filter: progid:DXImageTransform.Microsoft.gradient(startColorstr='#8b1c62', endColorstr='#ffffff');
    position: absolute;
    width: 100%;
    top: 0px;
    height: 50%;
    z-index: 2;
    height: 50%;
    z-index: 2;
    filter: progid:DXImageTransform.Microsoft.gradient(startColorstr='#8b1c62', endColorstr='#ffffff');

    Hopefully this helps someone else trying to achieve the same effect.

  195. 195

    Individual Rounded Corners are not working on IE 8 pls help me

  196. 196

    All you’re saying is basically forget about 40% of your clients’ visitors. Nuff said.

  197. 197

    Aniko Erlinger

    November 11, 2011 5:04 am

    I can really recommend It enables IE6-8 to support border-radius, box-shadow, border-image, CSS3 Backgrounds, Gradients, RGBA Color Values. I have just tried it on a website I am building. Nice.

  198. 198

    mayur patoliya

    November 18, 2011 2:05 am

    it is very best website……..for knowledge only……..

  199. 199

    Daniel Martiniano (Brazil)

    December 15, 2011 8:23 am

    gradient also works on IE9. Great post!

  200. 200

    Post is very helpful any single js solution for all css3 properties for IE.

  201. 201

    Great stories, maintain them coming :) This is the 1st time i have commented, b¨´t i have been lurking for a whilst.

  202. 202

    Attitude change of developers is needed.. Show the differences instead of fixing Microsoft browser problems, it is a problem of MS not yours! MS is not god. I also drop the hacks for IE8 and lower, putting a little message on top of the document that says that te browser doesn’t support modern standards, with a link to information that shows and explain the differences (with examples). No nice shades and other ‘fancy’ things in IE8 or lower, but still working. Stop the hack bullshit, people must see that there is ‘another world’. Upgrade to IE9 (when possible) or better use another browser, it is FREE for god sake! We must go on, skip the MS bullshit, show the differences to users. Better for us, better for the customer, better for the internet, better for all. Concentrate on new things instead.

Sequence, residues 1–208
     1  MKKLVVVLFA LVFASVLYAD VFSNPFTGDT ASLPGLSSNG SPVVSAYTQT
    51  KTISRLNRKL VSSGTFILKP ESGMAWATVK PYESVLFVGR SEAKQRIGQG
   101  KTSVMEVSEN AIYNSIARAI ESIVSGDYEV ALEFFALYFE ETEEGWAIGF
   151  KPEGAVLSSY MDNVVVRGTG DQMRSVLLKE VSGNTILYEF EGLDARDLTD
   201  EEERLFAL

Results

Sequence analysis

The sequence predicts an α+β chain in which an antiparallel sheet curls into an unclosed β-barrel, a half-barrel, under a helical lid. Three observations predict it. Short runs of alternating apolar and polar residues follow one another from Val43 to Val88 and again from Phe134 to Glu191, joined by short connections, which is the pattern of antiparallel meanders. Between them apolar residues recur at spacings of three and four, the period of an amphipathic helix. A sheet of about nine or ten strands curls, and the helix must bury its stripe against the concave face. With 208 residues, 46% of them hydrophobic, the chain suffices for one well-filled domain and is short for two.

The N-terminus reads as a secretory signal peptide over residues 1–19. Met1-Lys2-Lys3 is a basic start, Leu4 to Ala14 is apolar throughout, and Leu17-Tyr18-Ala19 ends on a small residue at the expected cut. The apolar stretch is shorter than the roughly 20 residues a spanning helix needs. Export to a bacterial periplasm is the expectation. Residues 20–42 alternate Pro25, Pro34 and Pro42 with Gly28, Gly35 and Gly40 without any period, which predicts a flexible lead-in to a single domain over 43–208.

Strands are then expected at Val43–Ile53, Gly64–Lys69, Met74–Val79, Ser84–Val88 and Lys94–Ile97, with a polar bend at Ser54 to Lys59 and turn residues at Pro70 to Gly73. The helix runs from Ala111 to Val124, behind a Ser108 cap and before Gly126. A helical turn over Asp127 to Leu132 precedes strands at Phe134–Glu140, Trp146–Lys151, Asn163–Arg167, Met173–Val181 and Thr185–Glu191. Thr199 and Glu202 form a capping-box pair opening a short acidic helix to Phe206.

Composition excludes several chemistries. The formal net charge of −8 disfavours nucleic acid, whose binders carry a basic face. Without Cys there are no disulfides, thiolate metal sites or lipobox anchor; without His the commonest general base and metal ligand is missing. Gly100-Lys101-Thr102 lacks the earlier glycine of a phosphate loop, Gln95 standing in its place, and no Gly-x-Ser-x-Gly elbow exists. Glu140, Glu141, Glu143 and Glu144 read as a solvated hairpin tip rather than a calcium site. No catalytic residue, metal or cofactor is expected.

Don’t be afraid to loose customers, that is microsoft commercial talk/bullshit. We as developers can change the IE direction by stop supporting it. Users may ask why it is not working, that’s a good thing. Don’t be a slave of the commercial free stuff!

    And very important for you as developer, do not frustrate yourself and skip this piece of crap. Don’t wait for the next better supertrouper awesome release of MS. Also IE10 will not bring satisfaction, forget it and let your visitors know that IE does not support YOUR website (instead of that you not supporting IE).

  203. 203

    Thanks! this was the fix I needed for a gradient background in ie.

  204. 204

    Thank you very much for your post. It’s really useful.

  205. 205

    bhola sharma

    April 12, 2012 3:04 am

    gr8 ! Post is very helpful


    Bhola Sharma

  206. 206

    Hi people.
    I have an issue with IE8 and multiple backgrounds.
    What should I do with this code:
    background: url(‘../images/sabao_x_top.gif’) repeat-x top left,
    url(‘../images/sabao_x_foot.gif’) repeat-x bottom left;

    How do I “translate” it for IE to show him the 2 backgrounds?
    Thankz people.

  207. 207

    Use background-image: -o-linear-gradient(top,rgb(100,100,100),rgb(200,200,200));

  208. 208

    It looks you can’t make a gradient, based on RGBA-method colors to give it a transparent view.

  209. 209

    Yaron Gilboa

    July 11, 2012 12:20 am

    Regarding Transparent BG:

    i’ve found that using a bg image, where the image is 1×1 pixels with transparency is a better solution, since using the filter style affects also the child elements.

    tested on ie8

  210. 210

    Good article louis, We can use css3 properties with out filtering and htc script in IE low version browsers ? if is it possible…

  211. 211

    very helpful

  212. 212